Nicole’s Notes – Our CEO’s blog

Nicole Hart, ARVets CEO, is a combat veteran of the Iraq War. She is the founder of ARVets and in this capacity is on the front lines working to improve the overall quality of life for Arkansas veterans. Prior to this role she was the Military and Veteran Advisor to Arkansas Governor Mike Beebe. In this position she served as liaison between those respective communities, our Governor and the Arkansas Legislature.

In Nicole's own words "On the battlefield the culture is to follow orders and complete the mission, at home we want the veteran to give the orders and we complete the mission for them!"

veterans

When servicemen and women return home from deployments they often have a tough time readjusting to everyday life.

The constant urgency and need to be on high alert in a conflict zone soon gives way to the monotony of buying groceries or meeting with your child’s teachers at school. The slower pace of being back stateside, coupled with the safety and security of home life, can sometimes be liberating. However, haunting memories of the sights and sounds of war can hinder personal progress when veterans don’t have an emotional, spiritual, or even an intellectual outlet to help them refocus their energies and reset their lives.

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Veterans-healthcare

Many Military Families Could Use Additional Support From The Private Option Plan

As state lawmakers debate whether to fund the Arkansas Private Option plan that provides health insurance coverage to thousands of low income residents, I am reminded of how difficult it can be for some servicemen and women to get the care they need. The private option uses federal Medicaid money, under the Affordable Care Act, to purchase private insurance for nearly 250,000 Arkansans who earn up to 138 percent of the federal poverty level. Those facts are sometimes too technical for many people to understand, but what we do know is about 102,000 residents who didn’t have insurance are now eligible for it, but they could lose this coverage if the plan isn’t fully funded during this year’s fiscal session of the Legislature.

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Now that we are celebrating Black History Month, I thought it would be nice to speak American service member facts into the mix. As an African-American woman, I have to pay tribute to my sisters-in-arms.

Throughout history, Black women overcame discrimination based on race and gender to serve this nation with distinction. In war and peacetime, these courageous women of color defended our country, preserved American values, shattered the military glass ceiling, and overcame barriers for women of all races.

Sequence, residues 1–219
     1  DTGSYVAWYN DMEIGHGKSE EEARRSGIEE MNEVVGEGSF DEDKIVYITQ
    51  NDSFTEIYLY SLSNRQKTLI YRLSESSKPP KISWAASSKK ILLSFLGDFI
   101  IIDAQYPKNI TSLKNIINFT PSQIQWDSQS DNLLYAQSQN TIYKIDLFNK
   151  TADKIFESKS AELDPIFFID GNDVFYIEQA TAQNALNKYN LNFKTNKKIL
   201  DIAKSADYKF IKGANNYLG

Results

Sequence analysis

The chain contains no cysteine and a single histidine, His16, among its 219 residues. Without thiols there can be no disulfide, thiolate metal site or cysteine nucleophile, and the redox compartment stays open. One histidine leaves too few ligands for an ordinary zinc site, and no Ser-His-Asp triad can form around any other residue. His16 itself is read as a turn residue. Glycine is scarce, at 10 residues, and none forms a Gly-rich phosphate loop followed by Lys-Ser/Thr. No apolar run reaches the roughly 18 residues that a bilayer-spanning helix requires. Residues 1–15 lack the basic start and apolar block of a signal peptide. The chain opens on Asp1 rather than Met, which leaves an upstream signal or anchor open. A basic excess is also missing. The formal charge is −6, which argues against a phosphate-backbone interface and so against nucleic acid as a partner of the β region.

121311-national-black-women-soldiers-militaryI am constantly amazed at how our roles in the United States Armed Forces are sometimes forgotten by the history books. Black women without rank or uniform served as nurses during the Civil War and the Spanish-American War. Near the end of World War I, trained black nurses with the American Red Cross were offered Army Nurse Corps assignments. Though they weren’t on the front lines of conflict, these pioneers lived in segregated quarters and cared for German prisoners of war and black soldiers at Camp Grant, Illinois, and Camp Sherman, Ohio.

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From time to time, I have other perspectives contribute to ‘Nicole’s Notes’. Below you will find the thoughts of Malcolm Glover, the newest member of the ARVets Team.

By: Malcolm Glover

In a recent assessment of young veterans, analysts with the Department of Veterans Affairs reported over 48,000 men and women, who served in Iraq and Afghanistan, are now battling homelessness.

The trend of increased poverty among some young veterans has intensified in certain communities, due to the nationwide economic downturn, low-wage jobs, a lack of adequate workforce training, and a shortage of affordable housing.

According to the VA, nearly 50,000 veterans in this generation who have fallen on hard times are almost triple the number of vets who found themselves in the same predicament back in 2011.

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clarity

Sometimes in a storm the most beautiful vision appears, some call it clarity. In these blogs of 2014 I will share the good, the bad, and the ugly from my perspective.

It’s true that people connect strongest with not just the story or the picture but they connect with the person. To know the life, feel the pain, and understand the joy of the journey is to be vested. I want you to be vested in my life as a CEO, as a mother, as a wife and most relevant and important as a Veteran.

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